Persistent dry cough: 5 main causes and how to cure

Persistent dry cough, which usually worsens at night, despite having several causes, is more common to be caused by an allergic reaction and, in this case, the best thing to do is to fight the allergy, with the use of an antihistamine remedy, like Loratadine, for example. However, one must discover the cause of the allergy and avoid exposure to the cause.

If the cough continues for more than 1 week, if it gets worse or if it is accompanied by other signs such as thick phlegm, presence of blood, fever or difficulty breathing it is very important to go to the hospital or consult a pulmonologist, a family doctor or a clinician general, to identify the cause and initiate the most appropriate treatment.

The most common causes of persistent dry cough are:

1. Allergy

Allergy to dust, pet hair or flower pollen causes irritation in the throat, causing coughing to occur until the cause of the respiratory allergy is identified and eliminated.

2. Gastroesophageal reflux

Gastroesophageal reflux can also cause a dry cough after eating spicy or highly acidic foods. Learn more about gastroesophageal reflux .

3. Heart problems

Heart problems like heart failure, which causes fluid to build up in the lungs, can also cause coughing. See more about respiratory failure .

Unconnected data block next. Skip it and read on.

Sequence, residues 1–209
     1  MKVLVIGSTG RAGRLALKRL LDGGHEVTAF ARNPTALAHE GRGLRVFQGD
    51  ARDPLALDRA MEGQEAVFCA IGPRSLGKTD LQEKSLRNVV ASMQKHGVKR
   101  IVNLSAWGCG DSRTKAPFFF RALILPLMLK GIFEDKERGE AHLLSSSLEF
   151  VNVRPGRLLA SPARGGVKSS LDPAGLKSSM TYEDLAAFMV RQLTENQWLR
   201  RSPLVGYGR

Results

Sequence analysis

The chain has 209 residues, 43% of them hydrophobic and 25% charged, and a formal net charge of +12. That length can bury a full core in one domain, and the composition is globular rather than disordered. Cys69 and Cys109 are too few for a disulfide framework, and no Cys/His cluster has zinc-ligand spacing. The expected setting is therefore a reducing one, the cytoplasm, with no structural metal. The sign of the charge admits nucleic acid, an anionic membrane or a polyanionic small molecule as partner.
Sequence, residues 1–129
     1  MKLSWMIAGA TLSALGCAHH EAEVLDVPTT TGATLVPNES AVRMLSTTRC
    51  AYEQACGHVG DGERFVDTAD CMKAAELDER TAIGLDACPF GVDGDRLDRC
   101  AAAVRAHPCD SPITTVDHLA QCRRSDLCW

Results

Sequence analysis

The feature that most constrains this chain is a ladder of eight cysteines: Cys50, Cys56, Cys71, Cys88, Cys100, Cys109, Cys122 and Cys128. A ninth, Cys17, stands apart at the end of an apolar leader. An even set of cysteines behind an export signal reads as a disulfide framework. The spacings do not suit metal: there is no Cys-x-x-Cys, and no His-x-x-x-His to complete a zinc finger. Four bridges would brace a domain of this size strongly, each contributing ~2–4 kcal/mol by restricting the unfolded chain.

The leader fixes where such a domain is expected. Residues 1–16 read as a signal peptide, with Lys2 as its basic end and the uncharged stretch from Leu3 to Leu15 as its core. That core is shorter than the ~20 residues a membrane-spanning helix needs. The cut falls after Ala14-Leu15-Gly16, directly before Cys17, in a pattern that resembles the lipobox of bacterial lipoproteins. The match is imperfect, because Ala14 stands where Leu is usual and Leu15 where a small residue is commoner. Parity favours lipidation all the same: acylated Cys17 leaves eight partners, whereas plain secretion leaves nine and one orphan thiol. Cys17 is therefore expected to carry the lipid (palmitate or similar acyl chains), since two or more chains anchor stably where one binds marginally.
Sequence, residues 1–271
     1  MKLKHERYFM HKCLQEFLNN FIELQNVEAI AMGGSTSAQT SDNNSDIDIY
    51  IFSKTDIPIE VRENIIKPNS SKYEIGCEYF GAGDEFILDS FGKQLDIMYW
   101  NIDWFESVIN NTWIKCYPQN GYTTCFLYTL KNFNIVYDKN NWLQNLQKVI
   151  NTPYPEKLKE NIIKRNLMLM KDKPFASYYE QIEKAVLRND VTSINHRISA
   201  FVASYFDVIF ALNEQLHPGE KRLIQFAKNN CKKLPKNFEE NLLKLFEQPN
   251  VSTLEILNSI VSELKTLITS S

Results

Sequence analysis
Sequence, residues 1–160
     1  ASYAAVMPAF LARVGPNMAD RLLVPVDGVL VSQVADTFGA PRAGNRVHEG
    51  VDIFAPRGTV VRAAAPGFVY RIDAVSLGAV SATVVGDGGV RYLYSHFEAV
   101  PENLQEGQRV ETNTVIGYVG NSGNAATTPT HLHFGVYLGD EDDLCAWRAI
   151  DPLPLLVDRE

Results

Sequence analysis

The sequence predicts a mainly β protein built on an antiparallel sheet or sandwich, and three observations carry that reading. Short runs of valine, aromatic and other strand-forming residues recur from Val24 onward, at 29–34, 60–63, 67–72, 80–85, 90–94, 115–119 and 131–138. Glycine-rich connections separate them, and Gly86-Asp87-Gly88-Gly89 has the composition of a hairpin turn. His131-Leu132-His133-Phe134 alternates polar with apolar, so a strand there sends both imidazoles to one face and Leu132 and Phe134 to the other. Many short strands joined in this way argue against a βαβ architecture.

4. Cigarette and pollution

The use and smoke of cigarettes and pollution cause irritation in the throat and can also stimulate the cough reflex.

5. Asthma

Asthma causes symptoms such as shortness of breath, wheezing or noise when breathing and coughing, especially at night. Learn how to identify and treat asthma.

It is important that the person who has a dry and persistent cough drink plenty of water to keep the throat hydrated and avoid dry environments. Dry and persistent cough can also be caused less frequently by side effects of medications, psychological conditions, stress and anxiety, as some people have an increased respiratory rate when they are in stress or anxiety situations, which stimulates coughing.

The person suffering from persistent dry cough should make an appointment with a general practitioner or pediatrician so that he can order tests to identify the cause of the cough and indicate the best treatment.

How to treat persistent cough

Treatment for persistent dry cough should be targeted to address its cause. In the case of allergic dry cough, in addition to the use of medications prescribed by the doctor, it is important to:

  • Drink at least 1.5 liters of water per day, because the water helps to keep the airways hydrated and reduces throat irritation;
  • Take 1 tablespoon of carrot or oregano syrup about 3 times a day. These syrups have antitussive properties, reducing coughing fits. Here’s how to make these syrups .
  • Drink 1 cup of mint tea, about 3 times a day. Mint has a calming, antitussive, mucolytic, expectorant and decongestant action, helping to relieve cough. To make the tea, just add 1 teaspoon of dried or fresh mint leaves in a cup of boiling water and let it stand for 5 minutes, then strain and drink;
  • Take medicine for persistent dry cough under medical guidance, such as Vibral, Notuss, Antuss or Hytos Plus, for example;
  • Avoid dust inside the house, as contact with animals and cigarette smoke can cause persistent dry cough.

Cases of persistent dry cough for more than 1 week deserve more attention, especially if the individual has asthma, bronchitis, rhinitis or any other chronic respiratory disease. It can mean a worsening of the condition and the need to take antihistamines or corticosteroids.

 

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